in it since that would cause uneven fermentation. If you have stirred it
properly, there should not be any lumps. In case there are, break them up with
any hand mixer.

Now for the yeast-sugar mix. Weigh out 1/2 pound of sugar and
put it in a measuring pitcher. Then add hot water until it reaches the quart
mark. The sugar should cool it to a temperature safe for the yeast. If it feels
warm but not hot, dump a package of active dry yeast (not fast-rising or acting
yeast) into the sugar and warm water. Stir it with a fork until it dissolves.
Then put a plate over the pitcher and let it alone for about an hour. It will be
covered with froth. Stir it again and then look to the mash.

Pour the mash into the cat-litter container. For this you
will need a funnel, lest it slop. The best funnel is one bought at any
auto-supply department and is used for putting transmission fluid in your
engine. Cut the funnel off nine inches from the top. This will allow 1 1/2
inches down inside the container and 1 1/2 inches across to let the mash flow

the mash is warm but no longer hot, pour in the yeast and sugar and give the
container a few sloshes. But don’t try to get it totally mixed. If it should be
mixed too much, it might rise up and clog the tube. This would cause pressure
and blow the lid off and mash would be all over the place.

If you don’t use the cat-litter container, measure the one
you use for at least 2 1/2 gallons. Never fill it with the mixture past the 2
gallon mark.

Now, put the container in the warmest part of your home, but
not over 85 or 90 degrees. The warmer it is within the safe limits, the faster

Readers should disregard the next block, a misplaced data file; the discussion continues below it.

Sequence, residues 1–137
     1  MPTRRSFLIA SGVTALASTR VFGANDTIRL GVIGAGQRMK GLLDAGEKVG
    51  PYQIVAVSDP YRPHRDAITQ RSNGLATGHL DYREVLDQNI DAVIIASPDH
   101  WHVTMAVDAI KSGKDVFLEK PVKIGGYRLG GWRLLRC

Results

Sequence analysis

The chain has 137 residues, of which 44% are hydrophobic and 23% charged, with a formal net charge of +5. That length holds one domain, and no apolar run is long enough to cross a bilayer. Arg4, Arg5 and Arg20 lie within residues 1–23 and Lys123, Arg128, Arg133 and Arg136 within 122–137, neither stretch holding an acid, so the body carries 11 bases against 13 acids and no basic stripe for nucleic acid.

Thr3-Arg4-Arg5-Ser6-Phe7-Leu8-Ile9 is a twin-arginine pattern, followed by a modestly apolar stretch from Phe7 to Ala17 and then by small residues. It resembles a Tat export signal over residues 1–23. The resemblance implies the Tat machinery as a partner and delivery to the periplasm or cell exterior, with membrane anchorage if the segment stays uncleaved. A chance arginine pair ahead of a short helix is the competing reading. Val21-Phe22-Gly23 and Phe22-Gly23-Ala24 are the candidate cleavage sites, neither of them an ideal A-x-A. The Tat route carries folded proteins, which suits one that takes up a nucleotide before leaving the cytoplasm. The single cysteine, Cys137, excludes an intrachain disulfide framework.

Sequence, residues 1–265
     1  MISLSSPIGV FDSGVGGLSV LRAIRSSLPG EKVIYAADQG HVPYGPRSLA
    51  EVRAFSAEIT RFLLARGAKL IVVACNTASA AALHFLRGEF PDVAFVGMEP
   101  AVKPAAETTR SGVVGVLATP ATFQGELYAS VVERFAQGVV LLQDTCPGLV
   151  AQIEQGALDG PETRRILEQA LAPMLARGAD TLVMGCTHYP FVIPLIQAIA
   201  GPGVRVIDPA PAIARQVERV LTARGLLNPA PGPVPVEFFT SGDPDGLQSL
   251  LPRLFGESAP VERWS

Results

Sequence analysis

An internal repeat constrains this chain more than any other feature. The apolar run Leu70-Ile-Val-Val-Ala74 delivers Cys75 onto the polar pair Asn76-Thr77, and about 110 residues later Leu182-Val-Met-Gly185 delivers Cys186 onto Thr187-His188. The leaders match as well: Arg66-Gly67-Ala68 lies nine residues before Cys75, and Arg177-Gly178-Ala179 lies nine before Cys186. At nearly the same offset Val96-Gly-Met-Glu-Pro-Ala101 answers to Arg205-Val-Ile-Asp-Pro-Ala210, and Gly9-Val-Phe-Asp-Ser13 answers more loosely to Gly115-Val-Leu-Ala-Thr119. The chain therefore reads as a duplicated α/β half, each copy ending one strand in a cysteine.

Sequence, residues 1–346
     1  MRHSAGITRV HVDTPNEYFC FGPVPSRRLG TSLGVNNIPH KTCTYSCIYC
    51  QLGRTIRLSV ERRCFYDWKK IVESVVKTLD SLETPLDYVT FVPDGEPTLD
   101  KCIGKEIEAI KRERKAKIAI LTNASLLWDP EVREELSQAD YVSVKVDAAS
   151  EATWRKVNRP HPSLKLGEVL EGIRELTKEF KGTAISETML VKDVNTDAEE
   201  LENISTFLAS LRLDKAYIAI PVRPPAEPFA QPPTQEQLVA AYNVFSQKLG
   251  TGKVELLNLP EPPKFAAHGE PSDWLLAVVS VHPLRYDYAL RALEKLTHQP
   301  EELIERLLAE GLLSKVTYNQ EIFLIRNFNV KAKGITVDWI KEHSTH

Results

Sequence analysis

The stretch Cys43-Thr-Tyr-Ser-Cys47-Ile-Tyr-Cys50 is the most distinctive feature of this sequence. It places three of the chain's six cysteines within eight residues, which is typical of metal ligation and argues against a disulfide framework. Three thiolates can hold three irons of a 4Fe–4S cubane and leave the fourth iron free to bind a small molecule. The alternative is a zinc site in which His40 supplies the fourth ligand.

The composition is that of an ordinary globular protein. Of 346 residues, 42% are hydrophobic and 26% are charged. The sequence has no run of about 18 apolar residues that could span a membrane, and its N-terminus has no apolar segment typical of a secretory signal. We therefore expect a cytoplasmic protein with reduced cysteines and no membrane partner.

it will work.

With the cap on firmly and the tube in the jar, the bubbles
should appear in an hour or so. After a few days, they will slow down and
finally stop, at least except for a burp every couple of minuets.

Now you are ready to distill. It is too much trouble to
separate the liquid from the mash. The cooked mash isn’t too inclined to stick.
But it is a good idea to add water to completely fill the container when it is
ready to distill and then to shake it well before pouring some into the still.
Thus diluted the mash is pretty much in suspension so it won’t stick or burn.
Fill the pot only two-thirds full and keep the heat at Medium.

When it heats up, the alcohol will come over in a fairly fast
trickle. When the alcohol is all out you’ll notice a decrease, indicating it is
only water. Taste it. You’ll know.

That is all there is to it!

So far, you’ve just learned the basics. If all this is
totally unfamiliar, you might think it is too much to tackle. It isn’t. Even so,
you might make mistakes at first.

Think of yourself as a youngster watching your mother make a
three-layer chocolate cake with icing. She barely looks at the the cookbook and
it turns out great and tastes wonderful. Now you try it. You follow the recipe
exactly. You wind up with a real mess.

You are not expected to do everything right the first time.
You will blunder. But like your mother had to learn, to make it all look so
easy, you will learn and you will be doing these processes while barely looking
at the instructions.

A brief note on the quality of the images you’ve just seen. Kurt misplaced the
original file containing the photographs for this article so I was stuck with
using the newsprint copies taken right out of The Survivor. I am just beginning to understand all the things that can be done with Adobe’s Photo Shop imaging
software. Just as soon as I can, I’ll “touch up” all of the above
photos in an attempt to make them look a little better.—Cary